According to Amylin Pharmaceuticals, Inc., the new long-acting version of their diabetes drug Byetta does not have the same link to thyroid cancer recently associated with Novo Nordisk’s Liraglutide, a similar diabetes drug in the same class of medications that the FDA is also considering for approval.
Concerns about potential Byetta thyroid cancer side effects emerged last week after an FDA advisory panel revealed that there is a link between Liraglutide and thyroid cancer in animals. Since Byetta (exenatide) belongs to the same class of diabetes drugs, known as GLP-1 agonists, it was suggested that the thyroid tumor risk may be a class effect.
The FDA panel arrived at a split vote on the question of whether to recommend that permission to market Liraglutide be approved for Novo Nordisk. Analysts have speculated that this may delay approval for the new once-daily version of exenatide (which will be marketed as Byetta LAR) or that the FDA may place substantial restrictions on the use of both drugs.
This week Amylin has jumped to the defense of their drug, which is critical to the future of the relatively small pharmaceutical company. Although the drugs are in the same class, Amylin points out that exenatide and liraglutide are different molecules.
Amylin says that their data from a two-year study of the potential cancer side effects of Byetta LAR in rodents did not find the same tyroid tumor risk demonstrated with Liraglutide. While Liraglutide was found to cause tumors in both female and male rats at multiple doses, Byetta LAR was only found to produce an abnormal number of thyroid cancers in female rats that were given high doses of the drug.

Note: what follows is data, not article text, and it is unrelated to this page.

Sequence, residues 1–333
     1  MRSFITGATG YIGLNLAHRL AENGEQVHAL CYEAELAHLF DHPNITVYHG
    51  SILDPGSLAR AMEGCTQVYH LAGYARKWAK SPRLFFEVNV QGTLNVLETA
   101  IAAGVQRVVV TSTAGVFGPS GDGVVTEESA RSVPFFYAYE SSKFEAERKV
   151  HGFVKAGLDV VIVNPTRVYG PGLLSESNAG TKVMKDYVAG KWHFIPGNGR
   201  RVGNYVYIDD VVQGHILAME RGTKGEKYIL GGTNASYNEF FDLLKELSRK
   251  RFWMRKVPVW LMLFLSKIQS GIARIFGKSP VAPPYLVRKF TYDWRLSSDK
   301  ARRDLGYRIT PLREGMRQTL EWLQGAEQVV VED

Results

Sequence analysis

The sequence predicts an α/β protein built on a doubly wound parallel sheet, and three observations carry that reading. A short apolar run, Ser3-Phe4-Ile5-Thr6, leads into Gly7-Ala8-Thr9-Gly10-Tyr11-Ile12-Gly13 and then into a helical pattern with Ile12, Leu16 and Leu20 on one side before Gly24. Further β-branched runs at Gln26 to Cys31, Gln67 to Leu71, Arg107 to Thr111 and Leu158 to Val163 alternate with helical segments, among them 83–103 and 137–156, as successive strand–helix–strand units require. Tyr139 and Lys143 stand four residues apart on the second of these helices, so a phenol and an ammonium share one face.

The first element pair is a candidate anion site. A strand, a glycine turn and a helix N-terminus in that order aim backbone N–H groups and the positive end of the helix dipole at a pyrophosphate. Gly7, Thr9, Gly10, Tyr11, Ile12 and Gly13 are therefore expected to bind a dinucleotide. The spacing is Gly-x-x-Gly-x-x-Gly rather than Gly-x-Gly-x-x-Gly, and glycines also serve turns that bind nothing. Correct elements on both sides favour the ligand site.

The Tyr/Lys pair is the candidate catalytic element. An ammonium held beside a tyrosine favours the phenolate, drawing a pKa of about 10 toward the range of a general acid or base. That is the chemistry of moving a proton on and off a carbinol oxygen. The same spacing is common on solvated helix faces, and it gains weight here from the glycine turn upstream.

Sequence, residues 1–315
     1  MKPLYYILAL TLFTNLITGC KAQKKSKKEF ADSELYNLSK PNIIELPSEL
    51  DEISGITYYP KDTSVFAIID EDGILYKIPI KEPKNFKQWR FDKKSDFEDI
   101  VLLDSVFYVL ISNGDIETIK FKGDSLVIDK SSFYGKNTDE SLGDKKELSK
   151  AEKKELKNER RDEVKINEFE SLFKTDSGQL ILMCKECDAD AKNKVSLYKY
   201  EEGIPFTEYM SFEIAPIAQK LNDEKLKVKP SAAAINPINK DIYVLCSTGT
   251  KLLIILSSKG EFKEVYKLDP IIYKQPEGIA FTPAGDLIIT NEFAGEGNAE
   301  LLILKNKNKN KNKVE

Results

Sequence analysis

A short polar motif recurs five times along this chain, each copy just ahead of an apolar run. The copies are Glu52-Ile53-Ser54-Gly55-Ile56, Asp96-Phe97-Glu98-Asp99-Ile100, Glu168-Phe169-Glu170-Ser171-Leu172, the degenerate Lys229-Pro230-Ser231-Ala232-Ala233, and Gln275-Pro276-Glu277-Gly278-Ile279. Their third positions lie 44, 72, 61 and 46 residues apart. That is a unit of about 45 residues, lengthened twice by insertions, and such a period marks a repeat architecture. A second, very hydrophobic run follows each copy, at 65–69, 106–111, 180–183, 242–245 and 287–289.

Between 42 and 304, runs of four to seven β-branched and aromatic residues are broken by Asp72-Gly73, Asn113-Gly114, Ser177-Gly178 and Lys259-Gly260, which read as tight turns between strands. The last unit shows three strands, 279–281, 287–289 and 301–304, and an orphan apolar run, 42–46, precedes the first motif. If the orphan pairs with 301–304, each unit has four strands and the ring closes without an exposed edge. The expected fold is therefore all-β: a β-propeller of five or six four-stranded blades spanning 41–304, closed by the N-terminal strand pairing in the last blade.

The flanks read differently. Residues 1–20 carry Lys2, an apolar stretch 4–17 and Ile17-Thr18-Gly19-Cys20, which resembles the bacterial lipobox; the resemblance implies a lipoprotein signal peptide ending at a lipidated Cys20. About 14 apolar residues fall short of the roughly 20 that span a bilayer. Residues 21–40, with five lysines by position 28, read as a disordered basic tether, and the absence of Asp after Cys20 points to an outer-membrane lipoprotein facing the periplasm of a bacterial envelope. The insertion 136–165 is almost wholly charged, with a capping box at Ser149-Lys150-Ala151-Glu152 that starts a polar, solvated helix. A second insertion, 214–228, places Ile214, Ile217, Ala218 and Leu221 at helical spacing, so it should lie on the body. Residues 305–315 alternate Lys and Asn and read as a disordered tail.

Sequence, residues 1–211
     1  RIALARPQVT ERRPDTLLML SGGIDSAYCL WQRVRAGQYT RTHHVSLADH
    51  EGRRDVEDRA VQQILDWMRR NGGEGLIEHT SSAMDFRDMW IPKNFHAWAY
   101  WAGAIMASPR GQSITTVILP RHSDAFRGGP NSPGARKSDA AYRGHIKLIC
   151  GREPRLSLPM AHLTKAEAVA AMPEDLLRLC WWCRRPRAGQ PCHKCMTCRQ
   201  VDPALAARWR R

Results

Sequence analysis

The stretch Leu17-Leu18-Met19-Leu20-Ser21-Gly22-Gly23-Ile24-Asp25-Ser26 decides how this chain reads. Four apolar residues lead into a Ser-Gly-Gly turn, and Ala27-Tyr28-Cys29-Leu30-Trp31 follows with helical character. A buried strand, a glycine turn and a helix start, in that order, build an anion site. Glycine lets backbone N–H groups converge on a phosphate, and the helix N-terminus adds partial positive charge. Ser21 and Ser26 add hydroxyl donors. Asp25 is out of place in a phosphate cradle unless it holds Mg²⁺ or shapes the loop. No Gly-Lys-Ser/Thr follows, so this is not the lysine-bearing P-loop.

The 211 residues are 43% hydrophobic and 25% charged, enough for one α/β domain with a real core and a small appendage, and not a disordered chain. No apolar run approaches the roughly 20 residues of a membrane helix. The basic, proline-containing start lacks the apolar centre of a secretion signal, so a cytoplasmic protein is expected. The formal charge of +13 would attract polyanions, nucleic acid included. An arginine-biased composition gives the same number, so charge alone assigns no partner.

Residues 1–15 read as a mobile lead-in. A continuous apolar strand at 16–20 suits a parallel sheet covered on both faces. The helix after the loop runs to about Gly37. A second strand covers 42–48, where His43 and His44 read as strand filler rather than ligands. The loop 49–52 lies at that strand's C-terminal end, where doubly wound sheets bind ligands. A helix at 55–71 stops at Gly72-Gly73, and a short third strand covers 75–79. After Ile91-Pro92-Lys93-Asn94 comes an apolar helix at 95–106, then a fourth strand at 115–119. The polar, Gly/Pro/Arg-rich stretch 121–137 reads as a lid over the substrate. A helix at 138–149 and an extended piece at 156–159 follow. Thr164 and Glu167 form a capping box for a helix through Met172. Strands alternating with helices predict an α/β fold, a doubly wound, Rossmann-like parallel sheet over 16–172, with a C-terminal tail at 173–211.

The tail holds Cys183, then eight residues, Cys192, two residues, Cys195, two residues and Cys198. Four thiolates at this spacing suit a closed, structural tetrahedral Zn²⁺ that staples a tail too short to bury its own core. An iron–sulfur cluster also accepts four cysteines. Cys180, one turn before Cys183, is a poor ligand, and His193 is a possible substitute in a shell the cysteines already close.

Of the approximately 1 million diabetes patients who have used the current version of Byetta, which is injected multiple times a day, Amylin indicates that only 9 reports of spontaneous thyroid cancer have been reported. However, none of these cases were fatal or similar to the tumors associated with Liraglutide.
The FDA’s review of Byetta LAR has already been delayed several times due to requests for additional safety data and concerns that Byetta side effects may increase the risk of pancreatitis.
In October 2007, the FDA released a statement indicating that about 30 cases of acute pancreatitis with Byetta use had been reported. This alert was updated in August 2008, to notify doctors that at least six additional cases had been reported involving severe forms of pancreatitis, known a hemorrhagic and necrotizing pancreatitis. At that time, the FDA indicated that two of the six severe cases had resulted in death.
Although Amylin and Eli Lilly & Co, who co-market Byetta, denied that there is any causal connection between Byetta and pancreatitis, the FDA has reportedly been considering a stronger warning about the potential side effect, which may include a “black box” Byetta warning, which is the strongest warning that can be placed on a prescription medication.
Amylin and Eli Lilly currently face a number of Byetta pancreatitis lawsuits filed on behalf of users of the current version of the drug, which allege that the drug makers failed to adequately test and monitor the side effects of their drug and failed to issue sufficient warnings about the potential pancreatitis risk.